Thursday, January 26, 2012

Cleaning Out the Kitchen :: Leeks and Pasta

Creamy Bacon and Leek Pasta via the Pioneer Woman Cooks

When you go to the grocery store in Japan, one thing you will always notice is the giant green stalks of leeks sticking out of everyone's shopping baskets and grocery bags. Leeks, or welsh onions are a big part of Japanese cuisine. I've talked about this Creamy Bacon and Leek pasta before and was reminded at how easy and filling this dish is when remaking it this week. 

Tuesday, January 24, 2012

Cleaning Out the Kitchen :: Quinoa and Fried Onions

Lemon-y Quinoa with parsley and pine nuts (made it up)
Paprika dusted salmon with mint mango salsa (mom's recipe)
Spicy Broccoli in olive oil and fried onions (tried to copy a dish i liked from a restaurant)

I'm especially proud of this meal because it helped me get rid of an entire package of quinoa and the last of my fried garlic, plus it was a healthy Sunday night meal. Even though I hardly ever used it, I'm really going to miss our Japanese fish fryer. It is the epitome of "set it and forget it. Marinate your fish however you like, then turn on the fish fryer and it does the rest - 8 minutes later, you'll have a perfectly cooked and crusted fish filet. 

Shout out to the black flower coaster my mom just crocheted me. 

Thursday, January 19, 2012

Cleaning Out the Kitchen :: Powered Sugar and Walnuts

I've finally started thinking about all the practicalities of moving. I had a mental block on it all month but there's really no hiding from it now. It's happening and it is happening soon. Oddly, one of the first things I thought of was cleaning out the kitchen. What am I going to do with all this stuff? Do I take it? Leave it?  Give it away? I did a quick inventory of our cupboards and wow, we are really weird. Why do we have 2 boxes of Kraft Mac & Cheese (saw it on our first trip to an international market and were probably feeling homesick), 2 kg of cous cous (because we thought eating cous cous made us healthy and fancy) and Betty Crocker instant mashed potatoes (odd Christmas gift from younger brother).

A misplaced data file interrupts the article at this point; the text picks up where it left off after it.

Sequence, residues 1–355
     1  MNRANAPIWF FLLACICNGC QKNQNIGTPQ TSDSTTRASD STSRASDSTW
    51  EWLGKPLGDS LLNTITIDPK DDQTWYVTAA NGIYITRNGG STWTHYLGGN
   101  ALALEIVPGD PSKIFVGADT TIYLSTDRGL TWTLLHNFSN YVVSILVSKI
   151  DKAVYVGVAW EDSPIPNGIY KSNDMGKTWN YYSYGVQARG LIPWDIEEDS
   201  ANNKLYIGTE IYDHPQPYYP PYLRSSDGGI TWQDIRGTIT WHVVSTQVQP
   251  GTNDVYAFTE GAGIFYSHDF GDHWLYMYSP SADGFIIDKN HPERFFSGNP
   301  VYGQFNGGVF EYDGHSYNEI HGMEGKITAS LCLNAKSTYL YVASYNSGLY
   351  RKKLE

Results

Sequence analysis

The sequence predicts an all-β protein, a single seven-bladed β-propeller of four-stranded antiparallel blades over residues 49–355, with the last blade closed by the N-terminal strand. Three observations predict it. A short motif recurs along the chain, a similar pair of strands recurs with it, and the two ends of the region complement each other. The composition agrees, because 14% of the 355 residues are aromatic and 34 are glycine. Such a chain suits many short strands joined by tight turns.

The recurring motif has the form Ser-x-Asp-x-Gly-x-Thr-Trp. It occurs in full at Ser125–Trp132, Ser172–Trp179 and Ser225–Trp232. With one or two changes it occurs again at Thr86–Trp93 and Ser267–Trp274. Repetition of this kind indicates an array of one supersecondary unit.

I'm a bit of a spoiled cooker. I tend to pick something I want to make and just go out and buy what I need without thinking about how practical a whole bag of shredded coconut may be, despite only needing 1/5 of the bag. I blame my mother. I don't blame her for a lot of things because she is wonderful, but I definitely blame her for allowing my sister and I to have anything and everything we wanted from the grocery store. We would just wander the aisles and throw random things in the cart. Shark Bites? Score! Ritz Crackers? Yes please! Alcoholic Strawberry Daiquiri Mix even though I'm 8 and my sister is 13? Obviously. This kitchen cleaning task will be a really great practice in Home Economics and Resource Allocation. actually seems kinda fun. 

Tonight, I made a dent in the 1 kg bag of powdered sugar I had leftover from holiday cookie extravaganza 2010 and a bag of walnuts I bought for the 1 salad I made last week. 

The result? Nut Ball Cookies

P.S. - Ok, actually, there were a few things my mom did NOT let us have. Mostly, Kudos Bars, any cereal that was the color of rainbows and brown sodas. Though I despised her for these rules at the time, I now see the error of my ways and am thankful that I do not have metabolic syndrome. You're the best mom!

Wednesday, January 18, 2012

Hokkaido New Year

17 days ago, we rang in the New Year in Hokkaido, Japan's most northern island. We only made as far as Hakodate and even though it was cold and everything was closed for oshogatsu, we had a great time. On New Year's Eve, we rode the ropeway up snowy Mt. Hakodate to see one of the "top 3 night views in the world." I don't really know what that means, but it was very pretty.